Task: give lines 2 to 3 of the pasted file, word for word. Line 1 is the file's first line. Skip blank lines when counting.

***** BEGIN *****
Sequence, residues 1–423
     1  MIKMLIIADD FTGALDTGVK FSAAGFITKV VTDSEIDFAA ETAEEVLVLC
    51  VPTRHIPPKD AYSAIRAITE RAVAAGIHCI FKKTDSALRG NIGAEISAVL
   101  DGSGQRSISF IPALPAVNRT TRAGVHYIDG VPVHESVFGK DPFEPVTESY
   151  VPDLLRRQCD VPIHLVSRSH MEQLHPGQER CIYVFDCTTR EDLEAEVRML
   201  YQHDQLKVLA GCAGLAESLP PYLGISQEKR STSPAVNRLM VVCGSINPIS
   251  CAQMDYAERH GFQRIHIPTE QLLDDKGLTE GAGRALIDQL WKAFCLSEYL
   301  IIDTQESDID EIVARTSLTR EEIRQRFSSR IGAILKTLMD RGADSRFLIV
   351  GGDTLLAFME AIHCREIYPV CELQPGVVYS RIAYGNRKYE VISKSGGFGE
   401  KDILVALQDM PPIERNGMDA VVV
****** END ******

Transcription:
     1  MIKMLIIADD FTGALDTGVK FSAAGFITKV VTDSEIDFAA ETAEEVLVLC
    51  VPTRHIPPKD AYSAIRAITE RAVAAGIHCI FKKTDSALRG NIGAEISAVL